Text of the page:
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Video Essay – Lynchian Neo-realism: Beyond Dreams and Reality

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D.M. put together this fascinating video essay about the neo-realism in the works of David Lynch.

This is what D.M. had to say about it:

Throughout his career, David Lynch has crafted a distinctive dark dreamy style that often invites comparisons with surrealism. Yet despite such analogies, the cinema of Lynch forges a new form of realism that closely resembles the Deleuzian crystal-image and its shifting variations. I call this new form Lynchian Neo-realism.

Far from the surreal content and atmosphere of his movies, what marks the singularity of the Lynchian Neo-realism is Lynch’s ability to delicately thread images together according to a loose dream-logic that repeatedly melts the actual and the virtual image – and vice versa – beyond discernibility.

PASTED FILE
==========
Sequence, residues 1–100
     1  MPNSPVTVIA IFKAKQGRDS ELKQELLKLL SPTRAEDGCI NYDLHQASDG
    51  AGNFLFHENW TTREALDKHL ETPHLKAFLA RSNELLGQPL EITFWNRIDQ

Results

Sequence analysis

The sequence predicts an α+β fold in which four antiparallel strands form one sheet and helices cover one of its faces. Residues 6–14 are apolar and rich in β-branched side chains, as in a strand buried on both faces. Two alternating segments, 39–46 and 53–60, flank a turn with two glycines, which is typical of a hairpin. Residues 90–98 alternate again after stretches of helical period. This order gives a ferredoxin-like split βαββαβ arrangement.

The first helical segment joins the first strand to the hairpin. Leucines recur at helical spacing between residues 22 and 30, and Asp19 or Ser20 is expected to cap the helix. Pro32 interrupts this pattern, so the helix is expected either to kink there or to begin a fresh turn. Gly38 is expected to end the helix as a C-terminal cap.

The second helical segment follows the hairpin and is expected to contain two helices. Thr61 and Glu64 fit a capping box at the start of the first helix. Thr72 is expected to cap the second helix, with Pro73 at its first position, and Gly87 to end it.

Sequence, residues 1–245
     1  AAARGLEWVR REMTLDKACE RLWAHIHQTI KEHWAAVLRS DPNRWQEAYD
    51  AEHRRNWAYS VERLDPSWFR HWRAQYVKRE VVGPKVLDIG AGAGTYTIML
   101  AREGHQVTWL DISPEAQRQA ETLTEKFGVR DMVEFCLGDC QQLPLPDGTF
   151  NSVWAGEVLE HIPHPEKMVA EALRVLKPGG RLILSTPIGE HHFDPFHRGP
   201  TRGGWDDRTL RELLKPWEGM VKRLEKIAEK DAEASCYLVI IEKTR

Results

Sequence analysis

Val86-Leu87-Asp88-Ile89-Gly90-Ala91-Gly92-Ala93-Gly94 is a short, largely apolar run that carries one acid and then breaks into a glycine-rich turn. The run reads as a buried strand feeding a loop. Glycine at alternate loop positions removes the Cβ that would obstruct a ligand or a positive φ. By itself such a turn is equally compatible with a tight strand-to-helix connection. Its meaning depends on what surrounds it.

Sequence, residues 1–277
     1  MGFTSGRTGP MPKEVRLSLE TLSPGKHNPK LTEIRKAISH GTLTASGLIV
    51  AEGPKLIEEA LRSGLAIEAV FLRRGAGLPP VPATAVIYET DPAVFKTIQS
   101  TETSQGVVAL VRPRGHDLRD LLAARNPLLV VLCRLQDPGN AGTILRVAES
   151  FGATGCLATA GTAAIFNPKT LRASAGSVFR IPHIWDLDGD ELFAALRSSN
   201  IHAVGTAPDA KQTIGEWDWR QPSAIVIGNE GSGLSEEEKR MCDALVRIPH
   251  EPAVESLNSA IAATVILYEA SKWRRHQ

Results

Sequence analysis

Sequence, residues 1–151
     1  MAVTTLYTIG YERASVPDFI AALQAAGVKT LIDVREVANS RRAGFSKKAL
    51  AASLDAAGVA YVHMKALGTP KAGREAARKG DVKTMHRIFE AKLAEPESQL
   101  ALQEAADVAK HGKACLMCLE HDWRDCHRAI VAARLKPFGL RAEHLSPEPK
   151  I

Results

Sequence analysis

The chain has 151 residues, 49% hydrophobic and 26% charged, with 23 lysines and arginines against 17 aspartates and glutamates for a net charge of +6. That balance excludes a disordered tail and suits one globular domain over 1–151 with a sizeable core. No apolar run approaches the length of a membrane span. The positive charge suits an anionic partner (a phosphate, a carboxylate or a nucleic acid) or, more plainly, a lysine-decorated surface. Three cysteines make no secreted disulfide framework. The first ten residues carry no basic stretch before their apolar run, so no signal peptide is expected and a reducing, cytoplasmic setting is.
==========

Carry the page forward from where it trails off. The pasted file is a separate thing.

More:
Whereas the surrealist façade of some of Lynch’s flicks – like the avant-garde series Rabbits (2002) – might sometimes obscure the presence of this dream-logic, most of his body of work corresponds to varying shapes of the crystal-image.

While early Lynchian Neo-realism – like the cult classic Eraserhead (1977) and The Grandmother (1970), which tells the story of a boy that grows a grandmother from a seed – unfolds as a dying seed-image, Lynch’s later fascination with the thematic of doppleganging – notably in Lost Highway (1997) and Mulholland Drive (2001) – gradually transforms his style into a coalescence between the seed-image and the mirror-image.

The dream-logic of the Lynchian Neo-realism culminates in the genesis of two separate but infinitely intertwined dimensions – those of dreams and reality. In Lynchian Neo-realism dreams make reality, but reality is already a dream. In this dream-logic, the story never begins or ends – it only ‘becomes’.

Lynchian Neo-realism continuously moves in and out of dreams and reality, leaving only scarce evidence that a shift has even occurred: red curtains, zig-zag stripes and a lot of violently blinking lights.

Lynchian Neo-realism: Beyond Dreams and Reality from D. M. on Vimeo.

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